A.L.C. Design Genius Launches Jewelry Line
by emili vesilind
Lieberman, wearing her Double Bondage bracelet, dresses a model in A.L.C.’s Phoebe dress.
Andrea Lieberman helped redefine the role of wardrobe stylist as a bona fide creative force in the 1990s and early 2000s by orchestrating some of the most indelible fashion images of the past decade. (Think Gwen Stefani's rasta/Harajuku getups and a young Jennifer Lopez in that now-legendary navel-baring Versace dress.)
In 2008 she added fashion designer to her CV when she launched her own luxe sportswear-inspired collection, A.L.C., which is currently sold in nearly every fashion-forward shop in LA—from Satine and Switch to Barneys New York and Madison. Last August, Lieberman became a member of the Council of Fashion Designers of America (CFDA), the governing body for high fashion in the 50 states. And most recently, she added a jewelry component to her line that boasts the same "pedigree with an edge" vibe as her apparel.
The new jewelry line is as fashion-forward as we have come to expect from Lieberman. Brass is given a high-polish finish and crafted into rings and bracelets in the shape of padlocks, nails, screws, and other antique hardware-inspired staples. Lieberman also works bondage elements into the collection with bracelets and rings that look like handcuffs—softened enough to be feminine without losing their feeling of intrinsic dominance. And several pieces evoke other powerful images, such as a cuff shaped like a shark and studs that resemble its teeth.
The line is Lieberman's second foray into the arena; she had a fine-jewelry collection before launching A.L.C. that was stunning, but so expensive, "you couldn't really wear it," she admits. Still, "I approach this new collection with a fine-jewelry head. I love jewelry—I always have and I always will. It's spirit-defining. What you choose to put on defines the spirit of who you are."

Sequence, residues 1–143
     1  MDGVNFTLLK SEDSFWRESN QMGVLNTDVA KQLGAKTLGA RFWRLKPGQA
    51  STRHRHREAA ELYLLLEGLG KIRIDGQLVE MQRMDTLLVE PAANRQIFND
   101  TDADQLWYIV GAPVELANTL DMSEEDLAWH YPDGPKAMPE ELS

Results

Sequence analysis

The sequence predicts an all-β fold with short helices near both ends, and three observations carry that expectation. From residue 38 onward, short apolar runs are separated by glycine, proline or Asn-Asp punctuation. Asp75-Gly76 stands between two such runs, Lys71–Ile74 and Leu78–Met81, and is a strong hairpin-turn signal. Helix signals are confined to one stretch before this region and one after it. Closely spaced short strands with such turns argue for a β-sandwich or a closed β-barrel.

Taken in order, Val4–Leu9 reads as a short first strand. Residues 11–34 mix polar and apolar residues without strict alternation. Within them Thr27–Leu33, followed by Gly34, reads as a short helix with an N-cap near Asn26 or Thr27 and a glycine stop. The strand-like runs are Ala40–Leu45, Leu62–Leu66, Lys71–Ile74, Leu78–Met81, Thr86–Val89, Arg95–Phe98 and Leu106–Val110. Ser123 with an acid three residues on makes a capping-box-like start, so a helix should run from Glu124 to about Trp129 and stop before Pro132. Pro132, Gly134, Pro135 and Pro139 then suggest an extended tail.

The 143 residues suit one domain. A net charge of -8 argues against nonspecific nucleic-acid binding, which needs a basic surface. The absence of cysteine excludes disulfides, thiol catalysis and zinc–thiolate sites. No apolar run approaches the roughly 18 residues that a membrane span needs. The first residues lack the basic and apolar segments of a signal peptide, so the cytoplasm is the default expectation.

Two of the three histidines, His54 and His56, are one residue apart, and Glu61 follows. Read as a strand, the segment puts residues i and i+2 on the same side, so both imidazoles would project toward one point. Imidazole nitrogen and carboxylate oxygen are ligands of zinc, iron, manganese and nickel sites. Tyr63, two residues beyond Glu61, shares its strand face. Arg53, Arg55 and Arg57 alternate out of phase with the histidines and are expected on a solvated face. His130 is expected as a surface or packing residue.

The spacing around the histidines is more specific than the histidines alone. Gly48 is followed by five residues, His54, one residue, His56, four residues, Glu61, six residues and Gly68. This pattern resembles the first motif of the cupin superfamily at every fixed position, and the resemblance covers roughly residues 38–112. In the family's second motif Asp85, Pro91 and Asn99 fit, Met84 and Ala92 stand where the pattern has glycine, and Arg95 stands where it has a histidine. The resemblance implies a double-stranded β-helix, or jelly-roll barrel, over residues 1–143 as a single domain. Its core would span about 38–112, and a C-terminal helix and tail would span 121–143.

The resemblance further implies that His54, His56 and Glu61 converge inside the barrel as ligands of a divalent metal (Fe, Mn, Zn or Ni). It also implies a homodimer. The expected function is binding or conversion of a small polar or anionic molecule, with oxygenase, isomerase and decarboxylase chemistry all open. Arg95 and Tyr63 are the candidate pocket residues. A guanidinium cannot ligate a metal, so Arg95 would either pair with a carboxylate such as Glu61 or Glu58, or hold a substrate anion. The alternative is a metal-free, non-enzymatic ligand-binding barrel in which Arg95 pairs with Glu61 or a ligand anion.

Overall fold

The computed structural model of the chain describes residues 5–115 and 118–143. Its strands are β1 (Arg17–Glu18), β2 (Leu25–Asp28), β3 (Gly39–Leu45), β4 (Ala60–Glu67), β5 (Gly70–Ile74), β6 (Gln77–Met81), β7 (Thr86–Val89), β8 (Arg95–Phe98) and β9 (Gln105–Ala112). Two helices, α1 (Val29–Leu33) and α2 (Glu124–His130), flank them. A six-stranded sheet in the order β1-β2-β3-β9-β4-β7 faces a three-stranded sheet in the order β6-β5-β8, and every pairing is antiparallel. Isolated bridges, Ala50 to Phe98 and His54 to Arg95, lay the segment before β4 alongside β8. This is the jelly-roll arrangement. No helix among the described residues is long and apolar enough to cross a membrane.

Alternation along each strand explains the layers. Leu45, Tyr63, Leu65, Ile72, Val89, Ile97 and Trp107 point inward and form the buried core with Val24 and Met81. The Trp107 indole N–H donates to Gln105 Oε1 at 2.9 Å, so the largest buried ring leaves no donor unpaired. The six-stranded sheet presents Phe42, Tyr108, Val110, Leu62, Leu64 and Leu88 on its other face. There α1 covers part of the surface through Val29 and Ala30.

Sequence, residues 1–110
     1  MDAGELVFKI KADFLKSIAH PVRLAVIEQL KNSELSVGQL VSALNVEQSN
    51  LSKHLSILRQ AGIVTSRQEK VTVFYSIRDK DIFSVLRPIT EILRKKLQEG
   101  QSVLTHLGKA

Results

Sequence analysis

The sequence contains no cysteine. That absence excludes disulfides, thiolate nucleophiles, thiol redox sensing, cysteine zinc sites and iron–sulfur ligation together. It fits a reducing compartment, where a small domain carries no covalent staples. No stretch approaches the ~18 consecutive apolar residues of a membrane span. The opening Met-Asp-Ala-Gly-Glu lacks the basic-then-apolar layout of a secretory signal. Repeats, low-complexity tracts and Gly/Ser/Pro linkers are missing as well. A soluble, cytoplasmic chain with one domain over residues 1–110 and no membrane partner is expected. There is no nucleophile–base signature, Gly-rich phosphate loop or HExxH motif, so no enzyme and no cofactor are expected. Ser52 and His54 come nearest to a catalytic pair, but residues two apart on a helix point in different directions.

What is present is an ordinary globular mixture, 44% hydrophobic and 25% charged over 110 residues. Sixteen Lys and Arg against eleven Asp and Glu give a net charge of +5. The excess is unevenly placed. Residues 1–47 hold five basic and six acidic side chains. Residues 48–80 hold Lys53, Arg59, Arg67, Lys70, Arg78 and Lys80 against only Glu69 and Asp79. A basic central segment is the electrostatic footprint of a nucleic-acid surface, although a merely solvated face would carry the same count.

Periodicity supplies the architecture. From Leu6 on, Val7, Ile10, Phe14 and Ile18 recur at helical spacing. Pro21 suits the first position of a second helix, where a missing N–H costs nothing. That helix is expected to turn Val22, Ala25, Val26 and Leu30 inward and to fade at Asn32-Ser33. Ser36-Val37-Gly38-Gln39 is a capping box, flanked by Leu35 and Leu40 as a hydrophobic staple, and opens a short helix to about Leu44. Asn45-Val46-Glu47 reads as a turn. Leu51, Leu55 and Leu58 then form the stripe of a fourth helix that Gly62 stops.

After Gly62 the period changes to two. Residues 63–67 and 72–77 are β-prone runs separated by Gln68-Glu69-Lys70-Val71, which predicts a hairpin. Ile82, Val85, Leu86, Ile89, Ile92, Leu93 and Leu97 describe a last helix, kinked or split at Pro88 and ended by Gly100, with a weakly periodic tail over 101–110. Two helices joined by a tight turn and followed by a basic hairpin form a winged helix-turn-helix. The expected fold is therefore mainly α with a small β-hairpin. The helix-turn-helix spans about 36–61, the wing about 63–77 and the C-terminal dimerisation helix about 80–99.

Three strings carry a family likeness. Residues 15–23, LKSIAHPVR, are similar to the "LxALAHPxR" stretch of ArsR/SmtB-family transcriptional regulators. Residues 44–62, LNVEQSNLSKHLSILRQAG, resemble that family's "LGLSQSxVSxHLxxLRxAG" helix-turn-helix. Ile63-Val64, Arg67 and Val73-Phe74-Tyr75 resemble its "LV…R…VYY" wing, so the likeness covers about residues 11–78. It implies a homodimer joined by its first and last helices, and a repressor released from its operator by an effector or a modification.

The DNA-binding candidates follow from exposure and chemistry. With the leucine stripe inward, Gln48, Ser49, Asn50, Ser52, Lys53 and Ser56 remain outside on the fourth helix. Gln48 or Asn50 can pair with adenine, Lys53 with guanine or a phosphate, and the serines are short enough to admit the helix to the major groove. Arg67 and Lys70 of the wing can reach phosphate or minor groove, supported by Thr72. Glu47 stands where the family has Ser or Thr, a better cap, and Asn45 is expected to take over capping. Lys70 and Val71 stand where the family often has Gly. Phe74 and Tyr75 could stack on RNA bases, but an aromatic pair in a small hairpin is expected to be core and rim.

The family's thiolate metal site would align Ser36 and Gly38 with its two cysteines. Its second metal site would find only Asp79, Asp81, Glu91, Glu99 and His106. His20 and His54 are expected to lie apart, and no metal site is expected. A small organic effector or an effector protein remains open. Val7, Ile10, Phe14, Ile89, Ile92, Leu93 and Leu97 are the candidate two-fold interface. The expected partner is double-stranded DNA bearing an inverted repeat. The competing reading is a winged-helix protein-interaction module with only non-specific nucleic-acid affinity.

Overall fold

If you ask her, the New York native—who lives in LA with her husband, son, and daughter—credits her success to hard work and "being at the right place at the right time." But there's more to it than that. Lieberman is renowned for her highly creative eye and ingenuity in mixing costuming elements with high fashion, which have helped her music-industry clients extend their artistic reach well beyond what blares out of stereos. "My passion was always creating images, doing videos, crafting looks that identify an artist at that time in her career," says Lieberman.
A born aesthete, Lieberman began her fashion career in her teens, first as a shopgirl who attended weekend and summer classes at Parsons The New School for Design (her eventual alma mater) and later as a fledgling stylist running around the city shooting fashion with photographer friends. "I had a connection with someone who worked with [designer] Stephen Sprouse and could score a bunch of clothes for a shoot," she says. "We went and had a super-fun time shooting all night long. It was really my first foray into styling."
After high school Lieberman interned for avant-garde nightlife fixture Diane Pernet and with the Giorgio di Sant' Angelo label, and post-college she worked in the public relations department at Romeo Gigli.
A friend in the music industry hired Lieberman to style her first music artist, and "before I knew it, I was doing [Sean] Puffy [Combs] and Jennifer [Lopez]," she says. "When I saw an opportunity, I took it and worked really hard."
Lieberman says she launched A.L.C. "at a point in my styling [career] when I felt like I needed to be more challenged." Also, "I didn't know how I would travel for styling [once I had] babies."
The ready-to-wear label, which is roundly adored by celebs (Charlize Theron, Cameron Diaz, and Olivia Wilde among them) and noncelebs alike, comprises classic pieces tweaked with a rocker edge. Think menswear-inspired, stovepipe-leg trousers; tissue-thin, long-sleeved jersey dresses; artsy sweatshirt tops; floral maxi skirts; and striped sailor tees.
Unsurprisingly, Lieberman's spirit has certainly been riding high since being accepted into the CFDA. "I'm suddenly clued into this whole network of amazing, talented people," she says. "The people in the CFDA are people I have respected and been inspired by for so many years. To be accepted as a part of their tribe is amazing. It makes my heart sing."
photography by melissa valladares (lieberman, jewelry); hair by alkin at the wall group; makeup by jamie dorman at exclusive artists management; model: natalia F. with vision los angeles.
danny martindale/getty images (theron); jason laveris/getty images (wilde)
LAC celebrates the women of its May/June 2013 issue at Palihouse in West Hollywood.